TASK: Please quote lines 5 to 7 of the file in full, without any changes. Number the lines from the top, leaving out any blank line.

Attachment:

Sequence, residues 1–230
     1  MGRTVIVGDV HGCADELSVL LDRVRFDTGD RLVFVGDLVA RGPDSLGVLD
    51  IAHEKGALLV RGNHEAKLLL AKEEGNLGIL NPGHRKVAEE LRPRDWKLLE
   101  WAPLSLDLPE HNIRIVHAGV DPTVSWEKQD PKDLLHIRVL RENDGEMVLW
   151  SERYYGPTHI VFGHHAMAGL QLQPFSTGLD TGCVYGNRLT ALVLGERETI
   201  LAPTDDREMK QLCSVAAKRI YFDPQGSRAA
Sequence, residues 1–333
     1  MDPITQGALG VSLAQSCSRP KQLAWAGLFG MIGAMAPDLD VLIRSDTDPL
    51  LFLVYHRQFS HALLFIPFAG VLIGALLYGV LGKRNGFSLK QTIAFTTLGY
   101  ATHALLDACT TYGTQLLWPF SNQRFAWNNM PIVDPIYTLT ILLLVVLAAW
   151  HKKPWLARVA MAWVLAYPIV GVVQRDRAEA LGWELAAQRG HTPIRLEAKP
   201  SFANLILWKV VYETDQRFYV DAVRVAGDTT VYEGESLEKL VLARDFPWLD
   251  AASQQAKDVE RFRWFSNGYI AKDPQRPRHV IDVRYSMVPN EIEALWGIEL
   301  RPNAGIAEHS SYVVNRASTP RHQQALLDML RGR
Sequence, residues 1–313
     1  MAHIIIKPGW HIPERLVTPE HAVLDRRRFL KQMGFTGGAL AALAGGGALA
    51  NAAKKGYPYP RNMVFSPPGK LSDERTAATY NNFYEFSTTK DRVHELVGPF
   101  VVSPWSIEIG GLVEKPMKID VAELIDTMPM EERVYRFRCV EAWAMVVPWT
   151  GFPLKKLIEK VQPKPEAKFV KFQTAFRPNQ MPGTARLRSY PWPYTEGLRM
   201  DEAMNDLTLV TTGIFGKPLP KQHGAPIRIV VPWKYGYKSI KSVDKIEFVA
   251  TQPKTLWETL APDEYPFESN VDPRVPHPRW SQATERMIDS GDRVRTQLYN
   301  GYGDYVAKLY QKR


   151  SERYYGPTHI VFGHHAMAGL QLQPFSTGLD TGCVYGNRLT ALVLGERETI
   201  LAPTDDREMK QLCSVAAKRI YFDPQGSRAA
Sequence, residues 1–333